When you hear it, you can totally tell it’s an old-school kind of electronic music album. At one point, I actually had my hands on an old Sony reel-to-reel (that broke down several times during the making of this album) and was splicing tape for the tape loops – and reel-to-reel recording tape isn’t easy to come by these days.
With one notable exception, who does that anymore?
Would I do another album like this again? Maybe. It was quite the challenge to limit yourself in this fashion and still deliver on a full length album. It was a lot of fun to make and I especially enjoyed the challenge of keeping time against an old-style click track.
For the record: I did everything on this album from the writing, composing, recording, mixing, producing, mastering and the cover art.
This was, for all intents and purposes, a DIY project.
The album will be up on iTunes in about 48 hours from an hour ago when I uploaded all 12 songs to my distributor. Give it a listen, buy it if you like it and recommend it to your friends.
I’m currently working on a new album project called “Harmonium – The First Ones” and it’s a foray into a genre that I’ve never done before – electronic music – something I’ve had in mind to do ever since I discovered electronic music and synthesizers about 30 some odd years ago.
Yes, I realize I’m coming late to the game.
About the name: I know a harmonium is an instrument but every time I hear this word it evokes a different image in my head, one of being that harmony (be it spiritual, mental, physical or emotional) is rare and hard to come by and about as rare and valuable as the other “-oniums”, if not more so.
I realize there’s a glut of electronic music artists out there today. They’re all really good though I confess to only having bought a handful of singles off of iTunes (I stopped buying electronic music albums back in the mid eighties).
Some people regard electronic music as soulless and I can’t say I blame them much. With the advent of sequencers, samplers and looping the technology today makes electronic music seem like you don’t have to put hardly any effort into it – just tap out a few notes, program a rhythm track, throw a cool beat on top of it and you’ve got a complex sounding piece of music for not much work.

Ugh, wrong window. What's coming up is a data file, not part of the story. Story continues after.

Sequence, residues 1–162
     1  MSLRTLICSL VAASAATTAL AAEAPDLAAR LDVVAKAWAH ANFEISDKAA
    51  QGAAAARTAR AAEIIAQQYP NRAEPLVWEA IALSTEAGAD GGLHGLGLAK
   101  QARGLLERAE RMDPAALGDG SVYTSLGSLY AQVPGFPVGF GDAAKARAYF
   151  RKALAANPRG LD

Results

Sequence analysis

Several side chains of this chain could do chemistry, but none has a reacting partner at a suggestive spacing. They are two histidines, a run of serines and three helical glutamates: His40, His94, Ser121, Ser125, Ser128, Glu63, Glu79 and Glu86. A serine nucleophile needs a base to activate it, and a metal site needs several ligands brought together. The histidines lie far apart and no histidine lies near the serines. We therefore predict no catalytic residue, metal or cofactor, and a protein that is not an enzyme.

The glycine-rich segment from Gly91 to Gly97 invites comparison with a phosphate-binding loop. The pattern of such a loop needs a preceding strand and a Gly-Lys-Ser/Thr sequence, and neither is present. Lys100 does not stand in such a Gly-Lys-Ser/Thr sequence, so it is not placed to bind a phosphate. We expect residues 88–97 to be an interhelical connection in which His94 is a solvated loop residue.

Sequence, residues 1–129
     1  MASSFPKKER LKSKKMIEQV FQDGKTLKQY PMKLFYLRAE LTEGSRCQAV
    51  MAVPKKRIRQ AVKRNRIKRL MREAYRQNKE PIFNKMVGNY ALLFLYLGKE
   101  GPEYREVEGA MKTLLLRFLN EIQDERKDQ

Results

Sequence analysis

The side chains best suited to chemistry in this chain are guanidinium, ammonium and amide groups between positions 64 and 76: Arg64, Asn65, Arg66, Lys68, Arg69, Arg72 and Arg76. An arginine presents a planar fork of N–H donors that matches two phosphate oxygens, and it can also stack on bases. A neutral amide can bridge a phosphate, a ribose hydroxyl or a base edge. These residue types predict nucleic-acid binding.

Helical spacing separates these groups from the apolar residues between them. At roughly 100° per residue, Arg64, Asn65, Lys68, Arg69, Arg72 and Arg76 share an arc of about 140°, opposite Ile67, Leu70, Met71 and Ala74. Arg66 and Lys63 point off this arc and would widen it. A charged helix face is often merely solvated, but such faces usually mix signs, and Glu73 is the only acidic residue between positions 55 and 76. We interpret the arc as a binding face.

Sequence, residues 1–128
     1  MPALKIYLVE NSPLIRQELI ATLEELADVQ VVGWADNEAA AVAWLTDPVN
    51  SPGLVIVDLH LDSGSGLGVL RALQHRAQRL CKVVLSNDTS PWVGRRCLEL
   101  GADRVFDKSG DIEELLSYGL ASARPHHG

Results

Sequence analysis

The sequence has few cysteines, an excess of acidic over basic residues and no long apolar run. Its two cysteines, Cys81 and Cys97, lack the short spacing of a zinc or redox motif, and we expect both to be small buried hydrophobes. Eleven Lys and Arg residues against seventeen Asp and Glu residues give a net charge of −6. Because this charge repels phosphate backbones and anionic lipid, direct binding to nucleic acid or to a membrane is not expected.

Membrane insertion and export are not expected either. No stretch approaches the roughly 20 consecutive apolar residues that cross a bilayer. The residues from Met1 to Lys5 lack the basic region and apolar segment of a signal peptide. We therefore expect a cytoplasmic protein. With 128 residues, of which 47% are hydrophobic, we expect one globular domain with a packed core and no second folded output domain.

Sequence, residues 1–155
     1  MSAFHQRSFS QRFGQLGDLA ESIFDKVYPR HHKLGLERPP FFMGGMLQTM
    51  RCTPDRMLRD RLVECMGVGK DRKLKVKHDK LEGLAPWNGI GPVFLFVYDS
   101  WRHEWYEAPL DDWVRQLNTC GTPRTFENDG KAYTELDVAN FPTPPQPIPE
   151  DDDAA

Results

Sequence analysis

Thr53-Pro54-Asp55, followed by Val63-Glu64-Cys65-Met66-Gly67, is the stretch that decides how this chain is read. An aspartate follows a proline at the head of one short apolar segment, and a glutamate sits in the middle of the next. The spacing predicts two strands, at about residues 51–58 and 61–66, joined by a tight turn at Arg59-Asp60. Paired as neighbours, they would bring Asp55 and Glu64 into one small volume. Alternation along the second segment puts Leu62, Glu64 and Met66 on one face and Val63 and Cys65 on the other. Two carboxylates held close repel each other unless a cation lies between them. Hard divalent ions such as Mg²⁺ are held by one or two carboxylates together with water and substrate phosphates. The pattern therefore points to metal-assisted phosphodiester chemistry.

That’s not quite accurate I know but that’s the perception among folks I talk to when the subject of this genre comes up and if any electronic music artists feels slighted by this assessment I assure you that 1) it’s not mine and 2) I do apologize.
I decided I was going to do something different. Or, rather, I was going to do something that’s been done before but hasn’t been done since Robert Moog rolled out the first Moog synthesizer back in the late sixties.
To create this album I have (to the best of my ability and with the tools available to me right now) given myself a challenge, one that was unique to the early electronic music artists by imposing three rules on myself:
1. I am limited to only monophonic synthesizers (and, by extension, contemporaneous electronic music equipment). If I can hold down more than one note and get those notes to voice then I will not use it to create this album. This means, at a minimum, if I want to create synthesizer harmonies with the same synthesizer voices I’m forced to do quite a lot of multitracking.
2. No sequencers or looping is allowed on this album, tape loop being the exception and since I don’t have a reel-to-reel tape machine at my disposal this means I will not be doing any looping at all and any instrumentation I record is going to be done in real time.
3. Recognizing that I have a distinct advantage over the early electronic musicians with unlimited multitrack recording capability I have imposed on myself 8 tracks and allowed myself no more than four generations of bouncing so I have to choose what I record carefully and I’m forced to keep my arrangements as simple as possible.
So far I’ve managed to record four songs in the last four days , or a song a day. I don’t know if this is some kind of record or not.
Perhaps someone can look it up for me.
At the rate I’m going I should have this album completed in the next four days and I’m planning to release it around Christmas on iTunes and other online music retailers – this being the advantage I have of owning my own record/distribution label.
In the meantime, here’s a cut off the upcoming album “The First Ones” called “Enlightenment For Dummies”.